Religion has suffered a series of devastating blows over the past half century that has sent it into a full retreat from the public sphere. Internal divisions and scandals, in the face of an often hostile and virulently anti-religious secular discourse, have created a number of crises that now threaten the core of faith identities and the faithful’s trust in their religious institutions. People of all faiths are finding themselves increasingly leaderless and in confusion regarding the place of their traditions apropos of their wider social contexts and cultures. Working apace with this withdrawal of faith the prevailing schools of secular atheism have been fortifying their new ground to defend against the potential return of religion and the religious.

It is now ‘open season’ on any and all forms of religion in culture, in the academy, in the media, and in political life. A new atheism; now the social default, less prepared to engage with the philosophical and theological grammar of religious thought than its classical predecessor, has constructed walls to exclude as much religious expression as it can from the marketplace. Viewed from within the Church, these dynamics and forces must be cause for alarm. Pragmatic atheism, long the survival strategy of a wilting clergy, has left the Church in many areas of Christendom rudderless – and we are paying the price.

Distinctly Abrahamic foundations for ethics and morality are being openly treated with contempt by the new informers of culture – or worse, mocked and ignored. In both camps the end of Western Christian Orthodoxy has become a real possibility. What was in the 1960s and 70s a culture war has become for faith in the West a war of annihilation – a struggle against extinction. We are deceiving ourselves if we think that the end of all mumbo-jumbo isn’t the end goal of this nemesis.

One way or another, this Prometheus is a child of the Church, and – intent as it is on patricide – it is a monster we must face. We must ‘radicalise’ the faith for the new challenges of the twenty-first century, and this means rediscovering and recognising the Spirit in the life of the Church and the work of God in the world. Rather than a thin hope in the invisible and the imaginary foisted on us in our acquiescence to the narrative of secular meaninglessness, this is an immediate incarnational expression of faith-in-action in Christ. It is a revolutionary action towards the world rather than from it, for now ever inch that we gain is redemptive and salvific.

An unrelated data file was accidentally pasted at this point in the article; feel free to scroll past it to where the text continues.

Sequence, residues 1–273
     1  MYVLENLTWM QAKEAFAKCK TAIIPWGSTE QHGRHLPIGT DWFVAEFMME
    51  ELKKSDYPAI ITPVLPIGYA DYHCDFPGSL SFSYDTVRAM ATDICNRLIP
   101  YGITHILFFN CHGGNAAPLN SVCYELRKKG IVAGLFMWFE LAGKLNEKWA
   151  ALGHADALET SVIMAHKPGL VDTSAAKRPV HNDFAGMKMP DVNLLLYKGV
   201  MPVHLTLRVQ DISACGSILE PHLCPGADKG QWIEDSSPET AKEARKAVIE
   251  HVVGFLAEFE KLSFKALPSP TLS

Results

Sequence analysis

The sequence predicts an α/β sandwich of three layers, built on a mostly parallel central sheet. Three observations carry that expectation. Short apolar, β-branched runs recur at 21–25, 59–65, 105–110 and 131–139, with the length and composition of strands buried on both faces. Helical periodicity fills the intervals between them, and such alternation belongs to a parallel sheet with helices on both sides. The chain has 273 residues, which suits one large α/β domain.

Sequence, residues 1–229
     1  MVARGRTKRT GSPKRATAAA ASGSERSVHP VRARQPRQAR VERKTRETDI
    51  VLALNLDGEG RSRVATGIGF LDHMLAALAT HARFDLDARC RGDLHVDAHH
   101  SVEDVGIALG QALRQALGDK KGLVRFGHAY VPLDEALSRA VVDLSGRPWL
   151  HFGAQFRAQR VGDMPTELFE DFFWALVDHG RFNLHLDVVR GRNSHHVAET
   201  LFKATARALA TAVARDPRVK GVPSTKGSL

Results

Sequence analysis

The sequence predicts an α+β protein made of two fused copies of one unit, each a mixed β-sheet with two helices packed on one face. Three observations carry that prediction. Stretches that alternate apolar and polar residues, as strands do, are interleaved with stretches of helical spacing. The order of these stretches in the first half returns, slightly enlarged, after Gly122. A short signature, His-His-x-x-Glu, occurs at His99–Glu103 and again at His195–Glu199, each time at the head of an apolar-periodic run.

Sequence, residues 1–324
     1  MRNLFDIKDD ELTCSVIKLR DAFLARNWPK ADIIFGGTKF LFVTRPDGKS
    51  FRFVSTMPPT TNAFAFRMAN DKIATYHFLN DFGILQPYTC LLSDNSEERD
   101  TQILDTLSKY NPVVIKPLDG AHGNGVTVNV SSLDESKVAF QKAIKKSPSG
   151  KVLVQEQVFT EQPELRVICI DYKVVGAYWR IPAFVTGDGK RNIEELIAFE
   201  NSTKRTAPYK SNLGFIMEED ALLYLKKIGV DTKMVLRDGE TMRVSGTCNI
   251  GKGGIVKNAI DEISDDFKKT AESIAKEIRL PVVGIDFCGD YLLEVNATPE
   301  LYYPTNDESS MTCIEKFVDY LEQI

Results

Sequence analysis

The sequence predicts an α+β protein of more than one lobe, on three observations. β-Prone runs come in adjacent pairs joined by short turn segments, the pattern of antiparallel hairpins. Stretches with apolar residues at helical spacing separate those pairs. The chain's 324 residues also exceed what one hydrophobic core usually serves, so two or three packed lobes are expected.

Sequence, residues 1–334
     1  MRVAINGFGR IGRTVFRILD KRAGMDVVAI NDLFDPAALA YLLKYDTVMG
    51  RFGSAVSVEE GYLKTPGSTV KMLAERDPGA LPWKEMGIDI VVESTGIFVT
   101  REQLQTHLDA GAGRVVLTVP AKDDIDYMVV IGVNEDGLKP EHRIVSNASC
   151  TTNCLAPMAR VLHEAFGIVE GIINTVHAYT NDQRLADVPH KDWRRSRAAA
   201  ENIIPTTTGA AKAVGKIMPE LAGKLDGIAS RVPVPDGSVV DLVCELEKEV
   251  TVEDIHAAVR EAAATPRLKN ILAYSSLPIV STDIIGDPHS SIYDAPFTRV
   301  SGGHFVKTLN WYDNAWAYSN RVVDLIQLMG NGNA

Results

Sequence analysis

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5 thoughts on “Rallying Faith in the Culture War

  1. The Second World War is a critical turning point in the history of mainline Christianity. The churches in Italy reached an accommodation with Mussolini and then following the same pattern, they reached a series of accommodations with the Hitler regime and all over Europe confronted by the greatest evil seen for centuries the bulk of organized Christianity sat out the war in quiet neutrality. It may be that Christianity is tainted by organizational needs such as fund raising and sharing political power but the churches failure in the Second World War has produced long term consequences. jp

    Liked by 1 person

    1. All very true, but arguably it reaches back before the rise European fascism. The modernist crisis and the 1871 Vatican Council are perhaps the first serious watershed in this process of cultural divorce. The principle of ecumenical catholicity could never quite gel with the philosophies and politics of nationalisms. By extension then, the rise of fascism cements this disarticulation.


  2. My European history after Napoleon III and the Franco-Prussian is pretty week. In American, there is a focus on the years right before World War One. I’ll need to pick up on my reading. James Pilant


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